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Miami Ecologist Co-authors Science Magazine Cover Story
Thomas Crist, director of the Institute for the Environment and Sustainability and professor of zoology at Miami University, is a coauthor on the cover story in the Sept. 23 issue of Science magazine. The paper stemmed from his collaboration with 15 other scientists who were assembled from four countries for a working group at the National Center for Ecological Analysis and Synthesis (NCEAS) at University of California, Santa Barbara.
In the paper, “Disentangling the drivers of beta diversity along latitudinal and elevational gradients" (available online), Crist and colleagues developed a statistical model that showed high levels of beta diversity in the species-rich tropics or lowlands can be explained almost entirely by the larger number of species in these regions. Beta diversity, also called species turnover, refers to the change in the kinds of species found among different habitats. “For decades, ecology textbooks have described how biodiversity increases towards low latitudes and elevations, but higher rates of species turnover were assumed to result from different ecological processes that were operating across latitude or elevation,” Crist explained. The scientists tested their model using data on tree species diversity collected from over 200 locations at different latitudes and elevations. “We tested our approach using data on trees because they are well studied, but it likely applies to a wide range of organisms,” Crist added. “Our findings suggest that the ecological mechanisms governing species turnover among habitats may be similar in tropical and temperate zones, and that high or low rates of species turnover can be explained largely by evolutionary processes that resulted in different levels of biodiversity among regions.” The NCEAS working groups provide travel and other support for 10-15 researchers to come to NCEAS for one to two weeks to focus intensely on the analysis and synthesis of existing information in their fields. Crist’s record of research accomplishment and collaboration led to an invitation to participate in the NCEAS working group with other scholars in the field of biodiversity.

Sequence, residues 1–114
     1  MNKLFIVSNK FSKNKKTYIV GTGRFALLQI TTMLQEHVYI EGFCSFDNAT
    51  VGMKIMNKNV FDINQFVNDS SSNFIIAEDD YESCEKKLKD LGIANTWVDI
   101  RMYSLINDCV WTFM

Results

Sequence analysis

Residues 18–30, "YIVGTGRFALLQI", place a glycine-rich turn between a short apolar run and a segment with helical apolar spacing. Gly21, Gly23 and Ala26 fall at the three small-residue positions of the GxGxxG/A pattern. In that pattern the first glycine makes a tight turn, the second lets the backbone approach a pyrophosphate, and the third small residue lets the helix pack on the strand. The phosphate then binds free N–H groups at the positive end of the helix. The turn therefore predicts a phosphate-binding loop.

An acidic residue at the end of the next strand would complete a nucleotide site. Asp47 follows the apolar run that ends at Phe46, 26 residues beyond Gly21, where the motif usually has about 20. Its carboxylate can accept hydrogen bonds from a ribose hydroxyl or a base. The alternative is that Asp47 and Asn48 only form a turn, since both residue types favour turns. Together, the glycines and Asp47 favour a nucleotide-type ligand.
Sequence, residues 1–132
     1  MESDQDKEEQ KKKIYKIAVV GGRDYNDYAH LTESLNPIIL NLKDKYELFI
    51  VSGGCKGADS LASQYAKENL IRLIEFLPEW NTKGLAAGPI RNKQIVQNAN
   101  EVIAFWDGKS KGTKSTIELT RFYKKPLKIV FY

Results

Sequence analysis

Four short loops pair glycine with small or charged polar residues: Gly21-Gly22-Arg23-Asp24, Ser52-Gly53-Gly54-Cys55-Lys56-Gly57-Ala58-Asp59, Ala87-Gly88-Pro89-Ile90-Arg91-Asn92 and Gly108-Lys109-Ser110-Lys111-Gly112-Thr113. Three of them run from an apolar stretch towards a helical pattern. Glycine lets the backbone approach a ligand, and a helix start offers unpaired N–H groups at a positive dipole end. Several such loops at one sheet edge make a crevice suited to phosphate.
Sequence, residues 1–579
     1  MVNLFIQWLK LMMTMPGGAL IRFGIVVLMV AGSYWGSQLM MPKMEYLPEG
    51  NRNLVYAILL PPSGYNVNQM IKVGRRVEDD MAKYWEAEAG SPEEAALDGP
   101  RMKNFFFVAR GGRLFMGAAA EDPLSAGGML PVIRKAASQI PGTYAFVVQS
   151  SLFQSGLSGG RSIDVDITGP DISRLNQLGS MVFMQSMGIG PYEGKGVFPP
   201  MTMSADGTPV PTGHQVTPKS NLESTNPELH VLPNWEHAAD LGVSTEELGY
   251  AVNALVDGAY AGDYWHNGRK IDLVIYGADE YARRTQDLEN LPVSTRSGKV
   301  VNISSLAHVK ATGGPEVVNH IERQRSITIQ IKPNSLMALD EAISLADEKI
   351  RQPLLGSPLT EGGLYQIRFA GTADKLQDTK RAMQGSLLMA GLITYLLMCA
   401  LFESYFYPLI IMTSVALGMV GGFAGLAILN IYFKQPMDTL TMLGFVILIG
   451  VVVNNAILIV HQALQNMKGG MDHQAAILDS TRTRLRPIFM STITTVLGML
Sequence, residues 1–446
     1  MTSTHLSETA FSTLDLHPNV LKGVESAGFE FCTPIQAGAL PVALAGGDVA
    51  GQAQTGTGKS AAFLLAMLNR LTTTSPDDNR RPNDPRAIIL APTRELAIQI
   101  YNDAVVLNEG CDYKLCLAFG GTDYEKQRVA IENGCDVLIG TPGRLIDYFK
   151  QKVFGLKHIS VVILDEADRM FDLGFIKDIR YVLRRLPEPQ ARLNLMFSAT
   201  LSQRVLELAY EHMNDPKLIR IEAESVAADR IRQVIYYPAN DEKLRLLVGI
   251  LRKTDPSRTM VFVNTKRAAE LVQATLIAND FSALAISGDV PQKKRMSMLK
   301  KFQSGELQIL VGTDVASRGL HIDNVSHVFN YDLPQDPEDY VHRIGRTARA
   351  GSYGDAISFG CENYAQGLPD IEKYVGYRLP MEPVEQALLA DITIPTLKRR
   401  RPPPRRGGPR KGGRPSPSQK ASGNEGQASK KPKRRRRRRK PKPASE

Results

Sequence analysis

Story reprinted courtesy of Miami University News and Public Information Office